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Workplace Commitment a Conceptual Model Developed From Integrative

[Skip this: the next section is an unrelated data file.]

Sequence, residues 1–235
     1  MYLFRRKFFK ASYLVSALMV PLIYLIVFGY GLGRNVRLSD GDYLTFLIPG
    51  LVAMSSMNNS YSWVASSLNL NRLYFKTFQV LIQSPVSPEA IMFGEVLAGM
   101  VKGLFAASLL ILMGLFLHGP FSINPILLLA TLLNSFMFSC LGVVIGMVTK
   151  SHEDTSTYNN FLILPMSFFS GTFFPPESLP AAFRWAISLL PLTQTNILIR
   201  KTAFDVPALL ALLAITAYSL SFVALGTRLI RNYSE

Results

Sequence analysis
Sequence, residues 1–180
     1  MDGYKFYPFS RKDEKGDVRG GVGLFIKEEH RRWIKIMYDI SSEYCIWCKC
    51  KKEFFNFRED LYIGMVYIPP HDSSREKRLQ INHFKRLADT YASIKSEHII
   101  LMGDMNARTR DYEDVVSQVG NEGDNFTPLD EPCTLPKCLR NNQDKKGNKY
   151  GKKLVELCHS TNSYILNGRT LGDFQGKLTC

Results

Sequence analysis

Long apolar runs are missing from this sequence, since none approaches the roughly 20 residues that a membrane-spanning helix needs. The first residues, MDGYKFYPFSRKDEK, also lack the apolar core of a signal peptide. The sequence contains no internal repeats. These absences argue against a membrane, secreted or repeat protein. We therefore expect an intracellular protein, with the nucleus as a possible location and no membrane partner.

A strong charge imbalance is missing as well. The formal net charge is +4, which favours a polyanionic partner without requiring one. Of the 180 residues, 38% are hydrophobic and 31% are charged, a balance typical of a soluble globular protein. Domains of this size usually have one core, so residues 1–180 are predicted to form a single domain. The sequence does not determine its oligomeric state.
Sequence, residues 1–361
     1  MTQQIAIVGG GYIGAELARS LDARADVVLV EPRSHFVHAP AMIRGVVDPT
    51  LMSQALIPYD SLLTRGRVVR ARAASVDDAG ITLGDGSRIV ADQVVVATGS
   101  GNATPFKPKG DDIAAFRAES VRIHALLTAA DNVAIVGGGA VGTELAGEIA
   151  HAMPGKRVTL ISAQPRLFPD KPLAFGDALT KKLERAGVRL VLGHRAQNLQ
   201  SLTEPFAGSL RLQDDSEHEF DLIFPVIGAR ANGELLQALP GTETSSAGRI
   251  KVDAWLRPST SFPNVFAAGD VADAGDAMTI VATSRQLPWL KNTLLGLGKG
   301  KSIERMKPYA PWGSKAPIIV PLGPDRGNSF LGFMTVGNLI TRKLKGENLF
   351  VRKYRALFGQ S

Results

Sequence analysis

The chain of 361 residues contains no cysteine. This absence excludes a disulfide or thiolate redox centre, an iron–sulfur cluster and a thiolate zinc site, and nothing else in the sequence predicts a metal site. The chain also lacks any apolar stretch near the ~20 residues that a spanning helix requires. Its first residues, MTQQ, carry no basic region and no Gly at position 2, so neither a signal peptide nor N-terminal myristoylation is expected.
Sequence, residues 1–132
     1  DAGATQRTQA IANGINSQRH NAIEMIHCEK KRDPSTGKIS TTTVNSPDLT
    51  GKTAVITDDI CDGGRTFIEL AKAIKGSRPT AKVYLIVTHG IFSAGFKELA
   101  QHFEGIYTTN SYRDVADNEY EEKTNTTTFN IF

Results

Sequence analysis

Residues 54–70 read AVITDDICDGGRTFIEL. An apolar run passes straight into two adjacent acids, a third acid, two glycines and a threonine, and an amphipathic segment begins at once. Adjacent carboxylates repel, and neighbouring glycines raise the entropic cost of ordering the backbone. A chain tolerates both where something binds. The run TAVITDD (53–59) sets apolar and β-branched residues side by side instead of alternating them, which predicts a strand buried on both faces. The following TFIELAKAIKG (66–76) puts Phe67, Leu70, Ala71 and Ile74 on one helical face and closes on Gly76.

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Transcript  Development ReviewHuman Resource online version of this article can be found at: DOI: 10.1177/15344843083187602008 2008 7: 339 srcinally published online 30 June Human Resource Development Review  Sandra L. Fornes, Tonette S. Rocco and Karen K. Wollard Review of the ResearchWorkplace Commitment: A Conceptual Model Developed From Integrative  Published by: On behalf of:  Academy of Human Resource Development  can be found at: Human Resource Development Review  Additional services and information for Email Alerts: Subscriptions: Reprints: Permissions: Citations: at FLORIDA INTERNATIONAL UNIV on July 27, 2013hrd.sagepub.comDownloaded from    What is This? - Jun 30, 2008OnlineFirst Version of Record - Aug 18, 2008Version of Record >> at FLORIDA INTERNATIONAL UNIV on July 27, 2013hrd.sagepub.comDownloaded from   AUTHORS’NOTE:An earlier version of this article was presented at the 2004 meeting of theAHRD Academy of Human Resource Development held in Austin, Texas.Human Resource Development Review Vol. 7, No. 3 September 2008 339-357DOI: 10.1177/1534484308318760© 2008 SAGEPublications  Workplace Commitment:AConceptual Model DevelopedFrom Integrative Review of theResearch SANDRA L. FORNES  Hidden Angel Foundation,Inc. TONETTE S. ROCCO Florida International University KAREN K. WOLLARD Kelly,Wollard & Associates This article investigates the previous research and theories of workplacecommitment using content analysis and concept mapping. It provides aconceptual model of workplace commitment,integrating the literature onorganizational commitment,occupational/career commitment,and individ-ual commitment. The significance of this article lies in the integration of the extant literature on commitment and the development of a conceptualmodel of workplace commitment and related propositions derived from theliterature. The article discusses interventions that can be used by humanresource development (HRD) researchers and practitioners to improveorganizational performance by developing workplace commitment in theorganization.  Keywords: workplace commitment; organizational commitment; performanceimprovement  Performance improvement in an organization goes beyond the commonlyaccepted principles of good management and effective leadership by engagingthe emotional commitment of the employee (Katzenbach, 2000). Commitmentis the differentiating factor between top-performing companies and those of average performance (Katzenbach, 2000). Emotionally engaged employees  at FLORIDA INTERNATIONAL UNIV on July 27, 2013hrd.sagepub.comDownloaded from   are more productive and customer-focused (Callahan, 1998). High levels of employee commitment are positively correlated with superior financial per-formance in organizations as demonstrated by significant increases in operat-ing and net profit margins (Gallup Organizations Survey, 2002; InternationalSurvey Research, 2001; Watson Wyatt Global Consulting, 2003). Individualsand teams that are committed to the organization’s goals and values havehigher morale, lower turnover, increased job satisfaction, and increased pro-ductivity (Cohen, 2003; Meyer & Allen, 1997; Mowday, Porter, & Steers,1982). Yet, more than a third of employees worldwide admit to having lowlevels of commitment to the job or company (TNS Worldwide, 2002). Onlyone in twelve (8%) are “company-oriented” employees, predominantly com-mitted to their company (TNS Worldwide, 2002). Gallup (2002) estimates that uncommitted employees cost the U.S. economyup to $350 billion per year. Even though employee commitment has a positiveimpact on organizational and individual performance, productivity, turnover, job satisfaction, and organizational citizenship behaviors; low levels of com-mitment exist in most industries (TNS Worldwide, 2002). Whereas downsizing,wage erosion, and productivity demands of recent years may have caused areduction in organizational and individual commitment, other contributingfactors may be a lack of focus by human resource development (HRD) andorganizational development (OD) practitioners to seek out and implement inter-ventions, programs, and strategies to improve organizational commitment. Problem Statement The field of industrial and organizational psychology (I/O psychology) pro-vides ample research that commitment in the workplace has demonstrated animprovement in employees’performance and ultimately the performance of theoverall organization (Katzenbach, 2000). The field ofI/O psychology iscon-cerned with human behavior in work contexts and defined as “the scientific studyof the relationship between man and the world of work” (Guion, 1965,p. 817). I/O psychology is concerned with utilizing knowledge gathered from sci-entific inquiry to solve problems in the world of work. Example problems includehiring better employees, reducing absenteeism, improving communication,increasing job satisfaction, productivity, and improved performance(Muchinsky,2002). Evident by the lack of published HRD articles around the topic of work-place commitment, HRD lags behind in constructing interventions, strategies,and practices to improve commitment in the workplace. Whereas I/O psycholo-gists have illustrated that workplace commitment leads to improved employeeand organizational performance, there is little research and understanding of howHRD practitioners can develop employees so that they are more committed totheir job and the organization. Thus there is a gap in understanding how commit-ment is to be created and supported by individuals within the organization.Because HRD’s purpose is to improve organizational performance throughincreased productivity, efficient work processes, and individual contributions 340Human Resource Development Review / September 2008  at FLORIDA INTERNATIONAL UNIV on July 27, 2013hrd.sagepub.comDownloaded from